Beginning in 1969 Lesberg did a number of Bobby Hackett sessions from the Roosevelt Grill in NYC that included Vic Dickenson, Dave McKenna and Cliff Leeman. On December in Meriden, Ct. (where I spent many a summer vacation) Jack recorded a festival session with Wild Bill Davison, Lou McGarity and Leeman. In April 1971 there was a Kenny Davern session in Syracuse with Dill Jones on piano. In 1973, in Australia, Lesberg did his first session as a leader, one that featured Bob Barnard and on October 18, 1977 Jack did a sextet session in LA with Dick Cary, Bob Enevoldsen and Eddie Miller. In 1979 Jack was in a George Masso group recorded at "Eddie Condon's" with Lou Stein on piano and later there was a Ralph Sutton-Ruby Braff Quartet with Gus Johnson on drums.
In early 1981 Jack recorded in Bern, Switzerland with Wild Bill Davison -- Barrett Deems was on drums. In March there was a live duo session from Hanratty's with Ralph Sutton. In June he was in Wayzata, Minnesota quartet session by the Hucko-Sutton 4 with Cliff Leeman and in October it was a date in Stockholm with Davison that had Buzzy Drootin, drums. In '83 Jack was recorded in Menlo Park, Ca. with Jim Galloway, Kenny Davern, Jack McShann and drummer Butch Miles. In April 1986 it was back to Bern for a session with Maxine Sullivan, Dick Hyman and Jake Hanna. A Tribute to Louis Armstrong and Benny Goodman was recorded in July in Monster, Holland with Al Grey, Randy Sandke and John Bunch and in October Lesberg recorded at sea on the SS Norway with Warren Vache, Eddie Higgins and Mel Lewis followed by Vache studio session with Dan Barrett and Howard Alden. In June of '87, with Barrett as leader, there was a session with Ken Peplowski, Dick Wellstood and Jackie Williams and 1988 brought a great duo session "No Amps Allowed" with Alden and then a Flip Phillips and Dick Hyman session plus "Me Myself and I" and "Bravura Eloquence" under Ruby Braff's name.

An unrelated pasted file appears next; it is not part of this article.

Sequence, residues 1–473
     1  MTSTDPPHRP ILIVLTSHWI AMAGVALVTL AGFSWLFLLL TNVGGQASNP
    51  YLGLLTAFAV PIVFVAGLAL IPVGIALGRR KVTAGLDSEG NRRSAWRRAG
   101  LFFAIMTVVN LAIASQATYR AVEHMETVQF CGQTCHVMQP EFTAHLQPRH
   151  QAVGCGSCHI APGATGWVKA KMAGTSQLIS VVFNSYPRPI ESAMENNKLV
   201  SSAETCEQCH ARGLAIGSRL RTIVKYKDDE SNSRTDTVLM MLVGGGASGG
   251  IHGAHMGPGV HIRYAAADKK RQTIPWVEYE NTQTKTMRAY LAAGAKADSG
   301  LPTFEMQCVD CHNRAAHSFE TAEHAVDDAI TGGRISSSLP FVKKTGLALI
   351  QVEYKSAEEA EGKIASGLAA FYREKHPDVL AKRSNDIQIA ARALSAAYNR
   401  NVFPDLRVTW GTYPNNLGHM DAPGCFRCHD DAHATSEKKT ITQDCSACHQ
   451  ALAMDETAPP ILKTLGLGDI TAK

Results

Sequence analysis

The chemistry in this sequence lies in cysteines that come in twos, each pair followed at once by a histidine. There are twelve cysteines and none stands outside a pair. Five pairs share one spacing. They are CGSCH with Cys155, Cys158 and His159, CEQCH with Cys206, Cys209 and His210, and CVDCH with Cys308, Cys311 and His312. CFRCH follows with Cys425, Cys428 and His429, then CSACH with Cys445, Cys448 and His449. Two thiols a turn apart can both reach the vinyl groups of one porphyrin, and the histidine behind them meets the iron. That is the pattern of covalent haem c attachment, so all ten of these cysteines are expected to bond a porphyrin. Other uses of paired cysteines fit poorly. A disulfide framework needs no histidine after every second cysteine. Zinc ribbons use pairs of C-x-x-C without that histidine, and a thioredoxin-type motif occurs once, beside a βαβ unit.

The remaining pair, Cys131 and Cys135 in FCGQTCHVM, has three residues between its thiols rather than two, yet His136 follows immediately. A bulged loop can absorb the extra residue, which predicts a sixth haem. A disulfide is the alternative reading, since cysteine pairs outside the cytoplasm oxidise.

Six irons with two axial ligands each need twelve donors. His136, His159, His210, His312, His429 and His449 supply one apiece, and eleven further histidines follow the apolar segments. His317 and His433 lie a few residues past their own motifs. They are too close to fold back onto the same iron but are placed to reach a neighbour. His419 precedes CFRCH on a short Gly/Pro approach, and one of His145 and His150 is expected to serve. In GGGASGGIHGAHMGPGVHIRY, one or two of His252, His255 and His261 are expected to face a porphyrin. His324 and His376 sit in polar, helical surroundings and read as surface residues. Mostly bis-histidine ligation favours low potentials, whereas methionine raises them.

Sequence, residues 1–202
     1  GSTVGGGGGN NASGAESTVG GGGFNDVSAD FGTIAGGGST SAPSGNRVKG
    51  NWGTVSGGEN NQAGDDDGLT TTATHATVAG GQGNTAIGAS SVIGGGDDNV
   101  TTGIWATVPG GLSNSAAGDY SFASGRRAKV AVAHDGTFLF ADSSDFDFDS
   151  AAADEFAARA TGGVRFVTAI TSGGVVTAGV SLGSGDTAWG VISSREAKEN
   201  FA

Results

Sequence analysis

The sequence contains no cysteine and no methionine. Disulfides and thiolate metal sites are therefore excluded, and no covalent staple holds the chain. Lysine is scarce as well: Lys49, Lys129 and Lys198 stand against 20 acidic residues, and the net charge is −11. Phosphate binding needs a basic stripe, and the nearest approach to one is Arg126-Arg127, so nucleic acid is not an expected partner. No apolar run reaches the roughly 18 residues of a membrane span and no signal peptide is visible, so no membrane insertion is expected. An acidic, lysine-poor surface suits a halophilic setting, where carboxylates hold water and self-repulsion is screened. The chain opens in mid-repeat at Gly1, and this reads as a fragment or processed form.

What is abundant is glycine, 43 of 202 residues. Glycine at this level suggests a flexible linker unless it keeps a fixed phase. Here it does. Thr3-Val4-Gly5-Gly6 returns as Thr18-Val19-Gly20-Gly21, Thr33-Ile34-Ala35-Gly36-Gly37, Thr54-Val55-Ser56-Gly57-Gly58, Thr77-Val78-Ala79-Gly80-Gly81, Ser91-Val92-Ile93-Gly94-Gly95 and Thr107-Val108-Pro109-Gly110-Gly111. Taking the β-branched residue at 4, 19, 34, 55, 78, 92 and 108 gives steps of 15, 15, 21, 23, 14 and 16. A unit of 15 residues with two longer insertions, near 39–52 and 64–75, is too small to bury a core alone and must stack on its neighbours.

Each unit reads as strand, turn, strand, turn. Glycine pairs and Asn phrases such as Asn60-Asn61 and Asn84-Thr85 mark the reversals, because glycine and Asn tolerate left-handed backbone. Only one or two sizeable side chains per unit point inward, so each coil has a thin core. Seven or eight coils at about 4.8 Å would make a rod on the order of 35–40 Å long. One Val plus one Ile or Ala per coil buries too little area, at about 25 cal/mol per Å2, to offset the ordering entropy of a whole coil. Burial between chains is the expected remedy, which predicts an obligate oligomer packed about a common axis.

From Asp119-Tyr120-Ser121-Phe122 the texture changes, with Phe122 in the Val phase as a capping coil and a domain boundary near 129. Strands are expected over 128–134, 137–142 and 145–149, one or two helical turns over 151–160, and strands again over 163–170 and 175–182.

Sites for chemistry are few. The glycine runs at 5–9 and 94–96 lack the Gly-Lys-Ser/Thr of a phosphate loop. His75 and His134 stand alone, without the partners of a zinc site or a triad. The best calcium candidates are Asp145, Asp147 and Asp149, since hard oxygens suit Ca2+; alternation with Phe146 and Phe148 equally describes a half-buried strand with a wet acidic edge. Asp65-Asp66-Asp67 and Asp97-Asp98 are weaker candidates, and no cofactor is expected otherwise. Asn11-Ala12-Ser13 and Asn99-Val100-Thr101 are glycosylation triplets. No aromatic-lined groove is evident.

In 1991 there was a session with cornetist Ed Polcer that had Alan Vache, Martz Grosz and Johnny Varro followed by a session in Raleigh, N.C. with Randy Sandke, Sutton and Jake Hanna. "New Yorkers," a Sandke group with Mark Shane and Dave Ratajczak, was recorded in 1992 while there were a number of sessions in St. Petersburg, Fla. in 1994 with musicians like Flip Phillips, George Masso, Bucky Pizzarelli, Jake Hanna and George Van Eps. Lesberg recorded with Ralph Sutton's All-Stars in Hamburg, Germany in 1997, and in September 1999 there was a NY jam session recording with Wycliffe Gordon, Mark Shane and Jackie Williams.
The only time I was to hear this widely appreciated bassist live was at the initial Newport Jazz Festival in Rhode Island in 1954 where he appeared with a Condon group made up of Davison, McGarity, Hucko, Sutton and Leeman that opened the event.
© Len Dobbin 2005
Montreal, Quebec, Canada